According to NAHB’s latest Housing Trends Report (HTR), the share of Americans who are considering the purchase of a home in the next 12 months was 15% in the fourth quarter of 2020, four percentage points higher than a year earlier and the largest year-over-year gain in the 3+year history of this series. The gain shows the COVID-19 pandemic continues to impact Americans’ propensity to want to buy homes.
Meanwhile, the share of prospective buyers who would be purchasing a home for the first time declined slightly in the year ended in Qtr4’20, down from 63% to 61%.
Between the fourth quarters of 2019 and 2020, the share of Millennials planning a home purchase rose eight points to 27%. The share increased 6 points to 18% among Gen X’ers, 3 points to 16% among Gen Z, and was flat at 5% among Boomers. Geographically, the share of adults with plans to buy a home rose in all four regions during this period, led by the Northeast (up 9 points to 19%) and the West (up 6 points to 18%).
Lower shares of prospective buyers of every generation are attempting homeownership for the first time in the final quarter of 2020 than a year earlier, except for Boomers. The share of 1st-timers fell 8 points to 70% among Millennial buyers, 7 points to 81% among Gen Z, and 7 points to 50% among Gen X buyers. Among Boomers, the share rose from 20% to 25% during this period.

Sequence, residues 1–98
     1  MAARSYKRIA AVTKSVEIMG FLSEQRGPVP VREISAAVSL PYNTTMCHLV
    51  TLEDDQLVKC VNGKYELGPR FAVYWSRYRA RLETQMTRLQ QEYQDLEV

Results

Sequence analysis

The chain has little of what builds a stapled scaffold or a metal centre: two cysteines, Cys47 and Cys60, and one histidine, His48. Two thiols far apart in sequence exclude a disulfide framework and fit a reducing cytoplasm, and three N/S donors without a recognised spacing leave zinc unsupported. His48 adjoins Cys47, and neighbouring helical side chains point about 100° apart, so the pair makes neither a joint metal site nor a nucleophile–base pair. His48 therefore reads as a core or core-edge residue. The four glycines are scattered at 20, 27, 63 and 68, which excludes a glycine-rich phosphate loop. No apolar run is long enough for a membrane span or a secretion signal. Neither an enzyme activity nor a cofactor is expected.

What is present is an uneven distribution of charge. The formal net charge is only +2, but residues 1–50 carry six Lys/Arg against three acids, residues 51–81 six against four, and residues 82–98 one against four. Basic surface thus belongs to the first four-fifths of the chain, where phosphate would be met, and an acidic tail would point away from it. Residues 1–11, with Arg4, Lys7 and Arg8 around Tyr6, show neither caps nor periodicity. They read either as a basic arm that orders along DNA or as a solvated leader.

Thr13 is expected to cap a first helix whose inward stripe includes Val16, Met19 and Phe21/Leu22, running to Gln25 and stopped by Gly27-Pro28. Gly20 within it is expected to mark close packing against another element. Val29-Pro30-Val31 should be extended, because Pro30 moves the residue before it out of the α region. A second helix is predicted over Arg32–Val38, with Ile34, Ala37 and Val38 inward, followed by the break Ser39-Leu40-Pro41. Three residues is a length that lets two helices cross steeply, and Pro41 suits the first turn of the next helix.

Across regions, significantly fewer prospective buyers in the Northeast (55%) are 1st-timers compared to a year earlier (65%). The share was flat in the West, and changed slightly in the Midwest and South.
* The Housing Trends Report is a research product created by the NAHB Economics team with the goal of measuring prospective home buyers’ perceptions about the availability and affordability of homes for-sale in their markets. The HTR is produced quarterly to track changes in buyers’ perceptions over time. All data are derived from national polls of representative samples of American adults conducted for NAHB by Morning Consult. Results are not seasonally adjusted due to the short-time horizon of the series, and therefore only year-over-year comparisons are statistically valid. A description of the poll’s methodology and sample characteristics can be found here. This is the first in a series of six posts highlighting results for the fourth quarter of 2020.